For he who eats and drinks in an unworthy manner eats and drinks judgment to himself, not discerning the Lord's body. For this reason many are weak and sick among you, and many sleep.

    The carnality of the Corinthians was also being manifested in their sins of selfishness and drunkenness at the Lord's Supper celebrations (11:21). Because of their sin, they were incurring injury (discipline) from the Lord: some were weak, others sick, and still others met a premature death.

    In conclusion, the passage of 1 Corinthians 3:11-15 is the judgment seat of Christ, where works, service, and the things done in the body are examined for the purpose of showing faithfulness or lack of faithfulness and for the ascribing of honor and glory, or the loss of such resulting in shame, remorse, and sorrow.

    See of course:

    Rom 14:10-13
    But why do you judge your brother? Or why do you show contempt for your brother? For we shall all stand before the judgment seat of Christ. For it is written:

    "As I live, says the LORD,
    Every knee shall bow to Me,
    And every tongue shall confess to God."

    So then each of us shall give account of himself to God. Therefore let us not judge one another anymore, but rather resolve this, not to put a stumbling block or a cause to fall in our brother's way.
    NKJV

    Were not the Corinthians also showing contempt for their Christian brothers (envy and strife), and also judging their Christian brothers as well (In essence saying that they were better than their other brothers because they were from "Paul" or "Apollos")? This passage is saying the same thing as 1 Cor 3:11ff

    See also 2 Cor 5:9-11 which is a corollary of these two passages.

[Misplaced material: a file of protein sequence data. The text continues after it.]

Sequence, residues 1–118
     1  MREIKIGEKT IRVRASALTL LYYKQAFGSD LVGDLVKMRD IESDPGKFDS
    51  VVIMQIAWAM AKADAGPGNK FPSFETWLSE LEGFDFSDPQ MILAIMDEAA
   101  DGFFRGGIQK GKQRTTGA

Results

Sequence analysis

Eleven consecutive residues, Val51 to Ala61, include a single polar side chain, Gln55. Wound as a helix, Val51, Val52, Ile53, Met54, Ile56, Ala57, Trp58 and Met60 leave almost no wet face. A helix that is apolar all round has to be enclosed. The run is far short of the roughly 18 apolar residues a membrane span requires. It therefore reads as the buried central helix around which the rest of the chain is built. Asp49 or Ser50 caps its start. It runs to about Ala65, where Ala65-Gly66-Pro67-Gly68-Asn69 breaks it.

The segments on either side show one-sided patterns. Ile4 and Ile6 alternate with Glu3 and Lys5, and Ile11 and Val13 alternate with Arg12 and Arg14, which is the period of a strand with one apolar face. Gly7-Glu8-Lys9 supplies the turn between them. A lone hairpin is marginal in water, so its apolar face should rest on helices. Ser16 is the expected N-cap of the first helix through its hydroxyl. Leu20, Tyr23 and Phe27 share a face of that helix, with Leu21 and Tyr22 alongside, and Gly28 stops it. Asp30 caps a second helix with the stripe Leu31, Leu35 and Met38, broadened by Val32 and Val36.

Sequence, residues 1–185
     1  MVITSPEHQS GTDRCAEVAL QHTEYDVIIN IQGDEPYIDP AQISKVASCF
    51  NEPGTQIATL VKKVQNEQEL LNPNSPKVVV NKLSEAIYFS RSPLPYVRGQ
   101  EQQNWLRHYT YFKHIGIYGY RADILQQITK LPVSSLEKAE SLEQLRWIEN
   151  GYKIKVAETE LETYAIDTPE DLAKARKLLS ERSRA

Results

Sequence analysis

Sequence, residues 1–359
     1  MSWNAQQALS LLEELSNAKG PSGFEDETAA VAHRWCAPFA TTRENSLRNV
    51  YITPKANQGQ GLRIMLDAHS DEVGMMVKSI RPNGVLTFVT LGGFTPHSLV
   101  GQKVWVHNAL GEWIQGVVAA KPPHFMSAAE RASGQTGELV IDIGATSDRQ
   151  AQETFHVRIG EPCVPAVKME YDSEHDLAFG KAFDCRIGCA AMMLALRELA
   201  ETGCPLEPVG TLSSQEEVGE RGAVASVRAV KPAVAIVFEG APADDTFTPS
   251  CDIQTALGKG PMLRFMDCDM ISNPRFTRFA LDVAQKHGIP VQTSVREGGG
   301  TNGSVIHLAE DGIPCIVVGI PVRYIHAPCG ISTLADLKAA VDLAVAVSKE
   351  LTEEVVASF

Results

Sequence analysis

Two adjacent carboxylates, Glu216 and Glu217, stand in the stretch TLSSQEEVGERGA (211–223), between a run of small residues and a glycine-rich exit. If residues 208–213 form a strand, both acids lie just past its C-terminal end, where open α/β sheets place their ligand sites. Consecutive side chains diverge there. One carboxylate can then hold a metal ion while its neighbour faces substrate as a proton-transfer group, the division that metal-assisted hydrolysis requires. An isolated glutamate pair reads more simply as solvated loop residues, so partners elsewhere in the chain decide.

Antonio

    By Blogger Antonio, at Wednesday, November 28, 2007 2:23:00 PM  

  • Well argued.

    By Blogger Dyspraxic Fundamentalist, at Thursday, November 29, 2007 1:20:00 AM  

  • Antonio,

    Tis indeed a sober thought and something rarely preached in the Church these days.

    By Blogger Jim, at Thursday, November 29, 2007 11:23:00 AM  

  • I am surprised no one has answered this, seeing everyone has stated that to understand the Bema of Christ punitively is in error. That included at least one contributor to this blog

    :)

    Antonio

    By Blogger Antonio, at Friday, November 30, 2007 8:46:00 PM  

  • No one except good ol Matthe and Jim.

    Thanks guys!

    Your fg brother,

    Antonio

    By Blogger Antonio, at Friday, November 30, 2007 8:46:00 PM  

  • Somebody wrote reply on the Bluecollar blog.

    By Blogger Dyspraxic Fundamentalist, at Saturday, December 01, 2007 2:42:00 AM  

  • I never said it was an "error" ... I said it was not the best choice of words: "punitive"

    :~)

    I was thinking it over and I still am. You make me think a lot, Antonio.

    By Blogger Rose~, at Saturday, December 01, 2007 4:52:00 AM  

  • What blog, Matthew?

    By Blogger Rose~, at Saturday, December 01, 2007 4:53:00 AM  

  • Quite so.

    They are not exactly Pyromaniacs.

    By Blogger Dyspraxic Fundamentalist, at Saturday, December 01, 2007 10:24:00 AM  

  • I don't go there anymore.

    By Blogger Rose~, at Saturday, December 01, 2007 12:16:00 PM  

  • This isn't an issue I've studied, to be honest, so I don't have anything to say (shocking, I know! ;-) ).

    However, since Antonio seemed to want comments on this blog, I DO have something to say. It's not really related to this specific topic, but to the topic of blogging in general and can be applied here. I mention this because, in an email my husband recently received from Antonio, it was clear that he was unaware of a particularly helpful function we have found. So I thought I'd share it with you all, although perhaps some (or most?) of you already know.

    If your mail client allows you to subscribe to RSS feeds, you can set it up to enable all new articles and all new comments on ANY thread (at least on blogspot) to be sent directly to your email inbox. For example, I am alerted to every single new comment on this blog. All I did was type the following into the "Feed URL" box in my mail client: http://www.unashamedofgrace.blogspot.com